This is an open invitation for everyone to join Sam Friedman, a Carleton student, and me at the Goodbye Blue Monday cafe on Division Street tomorrow at 8 a.m. (Tuesday, Feb.9.) for journalism-related discussion.
Sam works at the Carletonian student newspaper. He suggested we form the discussion group after he attended a meeting in January at the Bittersweet Eatery during which a group of people talked about the Representative Journalism Project. We’ll put a sign on our table to identify where we’re sitting. Hope to see you there!
The Associated Press article “NY Times Editor Hints At Return Of Online Access Fees” is attracting lively discussion on the Huffington Post Web site. Cynthia Typaldos, founder of the soon-to-be-launched Kachingle, recently posted the following comment. Kachingle is a company that will allow the public to easily bestow micro-payment donations contributions to their favorite Web sites.
“I fully understand your desire to pay something for the NYTimes. But what about the HuffPost? You are here too…are you getting some value from this news site? And what about the other sites/blogs that you read/use?
My point is that it might not be ‘fair’ to pay only for the NYTimes, but not for anything else that you actively use and value.”
What would the people of Northfield pay for, how much would they pay, and why? That’s one of the questions I’m trying to figure out and I’m wondering if my latest story is drawing any closer to a product citizens would value.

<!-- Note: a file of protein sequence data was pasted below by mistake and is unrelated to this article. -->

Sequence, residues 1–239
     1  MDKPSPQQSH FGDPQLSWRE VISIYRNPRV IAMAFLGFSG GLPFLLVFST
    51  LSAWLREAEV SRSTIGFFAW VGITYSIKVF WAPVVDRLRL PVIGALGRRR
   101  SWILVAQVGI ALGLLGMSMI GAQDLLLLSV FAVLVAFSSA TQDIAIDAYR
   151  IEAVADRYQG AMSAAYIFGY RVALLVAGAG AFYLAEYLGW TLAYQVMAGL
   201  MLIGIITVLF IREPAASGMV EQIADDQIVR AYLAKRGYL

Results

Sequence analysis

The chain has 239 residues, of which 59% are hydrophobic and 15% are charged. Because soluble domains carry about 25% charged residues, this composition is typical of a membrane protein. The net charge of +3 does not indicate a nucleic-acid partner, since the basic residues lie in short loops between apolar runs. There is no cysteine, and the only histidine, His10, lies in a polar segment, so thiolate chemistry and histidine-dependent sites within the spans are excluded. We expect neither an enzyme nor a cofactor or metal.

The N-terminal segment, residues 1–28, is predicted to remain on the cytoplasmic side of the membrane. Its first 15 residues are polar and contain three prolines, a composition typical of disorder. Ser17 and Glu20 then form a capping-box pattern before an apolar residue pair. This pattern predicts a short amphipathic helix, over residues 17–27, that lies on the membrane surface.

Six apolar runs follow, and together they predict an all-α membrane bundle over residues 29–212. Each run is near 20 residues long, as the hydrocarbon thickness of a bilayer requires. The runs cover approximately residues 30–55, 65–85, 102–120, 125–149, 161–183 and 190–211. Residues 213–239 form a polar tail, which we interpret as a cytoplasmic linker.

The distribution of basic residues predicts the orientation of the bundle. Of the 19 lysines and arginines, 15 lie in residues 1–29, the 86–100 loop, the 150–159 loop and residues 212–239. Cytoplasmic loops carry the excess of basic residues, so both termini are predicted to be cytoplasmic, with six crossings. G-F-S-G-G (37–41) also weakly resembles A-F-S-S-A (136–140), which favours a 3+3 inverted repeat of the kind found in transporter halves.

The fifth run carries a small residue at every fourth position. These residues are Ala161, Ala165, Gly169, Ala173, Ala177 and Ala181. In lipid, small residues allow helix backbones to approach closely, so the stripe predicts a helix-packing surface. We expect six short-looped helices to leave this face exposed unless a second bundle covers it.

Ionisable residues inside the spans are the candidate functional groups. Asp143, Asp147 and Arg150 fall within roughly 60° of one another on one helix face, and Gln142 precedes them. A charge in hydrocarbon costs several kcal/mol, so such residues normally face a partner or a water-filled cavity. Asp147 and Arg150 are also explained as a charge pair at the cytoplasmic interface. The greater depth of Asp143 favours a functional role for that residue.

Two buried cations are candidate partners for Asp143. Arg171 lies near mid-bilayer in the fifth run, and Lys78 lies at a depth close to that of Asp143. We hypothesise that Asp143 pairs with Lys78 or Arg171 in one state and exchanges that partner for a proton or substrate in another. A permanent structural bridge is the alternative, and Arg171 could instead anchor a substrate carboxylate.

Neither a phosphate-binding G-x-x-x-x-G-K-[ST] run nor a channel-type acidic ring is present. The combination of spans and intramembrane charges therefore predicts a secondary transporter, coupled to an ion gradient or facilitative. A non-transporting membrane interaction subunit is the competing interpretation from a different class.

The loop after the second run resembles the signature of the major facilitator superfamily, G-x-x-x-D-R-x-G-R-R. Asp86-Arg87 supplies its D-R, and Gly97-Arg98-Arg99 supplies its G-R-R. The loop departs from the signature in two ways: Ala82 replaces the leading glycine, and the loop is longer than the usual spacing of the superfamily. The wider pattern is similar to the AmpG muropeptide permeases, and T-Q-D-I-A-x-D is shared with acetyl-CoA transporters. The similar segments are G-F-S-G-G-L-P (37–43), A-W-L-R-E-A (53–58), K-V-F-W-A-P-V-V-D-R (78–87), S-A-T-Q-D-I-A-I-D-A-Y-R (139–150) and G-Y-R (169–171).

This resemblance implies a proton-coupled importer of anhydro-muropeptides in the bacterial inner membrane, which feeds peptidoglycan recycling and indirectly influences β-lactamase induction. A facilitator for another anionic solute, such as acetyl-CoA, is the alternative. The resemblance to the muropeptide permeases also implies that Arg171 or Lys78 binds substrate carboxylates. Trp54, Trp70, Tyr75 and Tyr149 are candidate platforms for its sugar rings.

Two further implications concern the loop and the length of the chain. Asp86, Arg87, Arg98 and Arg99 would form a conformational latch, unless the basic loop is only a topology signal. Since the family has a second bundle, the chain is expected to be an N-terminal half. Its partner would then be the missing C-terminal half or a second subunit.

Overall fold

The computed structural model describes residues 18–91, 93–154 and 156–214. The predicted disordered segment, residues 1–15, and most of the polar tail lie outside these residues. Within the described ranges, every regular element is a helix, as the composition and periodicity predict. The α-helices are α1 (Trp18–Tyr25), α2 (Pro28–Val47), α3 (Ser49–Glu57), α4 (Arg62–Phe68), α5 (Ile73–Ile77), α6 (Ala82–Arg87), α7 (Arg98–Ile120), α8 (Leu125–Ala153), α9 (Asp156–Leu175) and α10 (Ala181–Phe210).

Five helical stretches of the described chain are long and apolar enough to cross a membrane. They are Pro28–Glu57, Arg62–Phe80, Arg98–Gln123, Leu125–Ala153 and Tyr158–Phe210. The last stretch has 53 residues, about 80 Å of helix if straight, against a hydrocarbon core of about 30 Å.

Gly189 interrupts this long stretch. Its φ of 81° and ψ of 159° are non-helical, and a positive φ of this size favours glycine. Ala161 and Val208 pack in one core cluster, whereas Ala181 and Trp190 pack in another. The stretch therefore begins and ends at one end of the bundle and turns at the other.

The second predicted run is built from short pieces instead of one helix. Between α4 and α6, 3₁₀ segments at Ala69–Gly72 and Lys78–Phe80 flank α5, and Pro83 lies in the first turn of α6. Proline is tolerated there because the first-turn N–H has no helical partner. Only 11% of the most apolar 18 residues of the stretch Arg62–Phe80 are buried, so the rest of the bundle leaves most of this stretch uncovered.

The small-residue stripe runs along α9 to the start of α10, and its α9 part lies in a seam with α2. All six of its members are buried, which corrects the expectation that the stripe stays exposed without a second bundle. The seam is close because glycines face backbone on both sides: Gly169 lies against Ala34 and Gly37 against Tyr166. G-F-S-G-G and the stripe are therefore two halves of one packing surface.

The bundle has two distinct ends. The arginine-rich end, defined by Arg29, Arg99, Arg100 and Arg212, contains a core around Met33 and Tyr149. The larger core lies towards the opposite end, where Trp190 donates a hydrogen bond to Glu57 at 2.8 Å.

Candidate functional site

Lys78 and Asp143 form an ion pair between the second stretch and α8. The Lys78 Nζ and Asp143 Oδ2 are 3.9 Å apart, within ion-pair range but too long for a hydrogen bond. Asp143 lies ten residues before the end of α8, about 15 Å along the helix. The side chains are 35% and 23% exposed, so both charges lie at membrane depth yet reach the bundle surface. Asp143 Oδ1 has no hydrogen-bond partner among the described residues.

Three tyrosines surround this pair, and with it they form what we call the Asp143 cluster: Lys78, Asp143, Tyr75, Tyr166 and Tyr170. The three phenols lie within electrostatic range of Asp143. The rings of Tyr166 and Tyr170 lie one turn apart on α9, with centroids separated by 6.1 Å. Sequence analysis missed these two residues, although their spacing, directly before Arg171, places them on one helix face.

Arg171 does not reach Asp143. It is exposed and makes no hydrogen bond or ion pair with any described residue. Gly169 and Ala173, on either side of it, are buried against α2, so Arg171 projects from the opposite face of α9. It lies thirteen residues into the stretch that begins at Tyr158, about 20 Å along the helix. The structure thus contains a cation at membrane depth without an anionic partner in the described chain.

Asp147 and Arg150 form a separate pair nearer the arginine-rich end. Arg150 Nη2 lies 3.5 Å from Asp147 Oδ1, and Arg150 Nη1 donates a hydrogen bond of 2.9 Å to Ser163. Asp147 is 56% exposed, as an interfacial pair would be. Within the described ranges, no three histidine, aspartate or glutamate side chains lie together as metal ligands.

Tooting my horn here: Justin Piehowski, 30, blog critic for MinnPost.com and winner of five Regional Emmy Awards for his work as a Web Manager at KSTP-TV, asked bloggers some questions about their experiences launching blogs. Piehowski mentioned my RepJ blog and LocallyGrownNorthfield.org. See what he wrote below in quotes:
She said she really likes the attractive templates on WordPress and has already recommended it to a family member. However, she gets very frustrated with trying to embed .html code of videos and slideshows from other sites onto her WordPress blog. The process is not smooth, she said.”
OK so not earth-shattering information coming from me there. But in case you’re interested in seeing the whole interview, which Justin and I did via e-mail (we’re facebook AND Twitter friends now!), read on.
Linda Seebach, the Representative Journalism Project’s copy and collaborating editor, told me about a story she read on PoynterOnline today that discussed how a Minneapolis television reporter collected stories from local senior citizens who had lived during the Great Depression.
We’re interested in gathering similar stories that Northfield’s senior citizens have to tell. Send a story, photographs, video or a tip to RepJNorthfield@gmail.com. Or begin the discussion here.
Even President Barack Obama has apparently failed to meaningfully engage U.S. citizens online in government goings-on, according to the Obameter on PolitiFact.com, maintained by the Saint Petersburg Times in Florida. Engaging citizens online is a goal many innovators in the journalism industry are struggling to reach today.
The president promised during his campaign that “to reduce bills rushed through Congress and to the president before the public has the opportunity to review them, Obama ‘will not sign any non-emergency bill without giving the American public an opportunity to review and comment on the White House website for five days,’ according to PolitiFact.
The president broke the promise when he signed the Lilly Ledbetter Fair Pay Act on Jan. 29. without posting the item on the White House Web site first to allow for comment.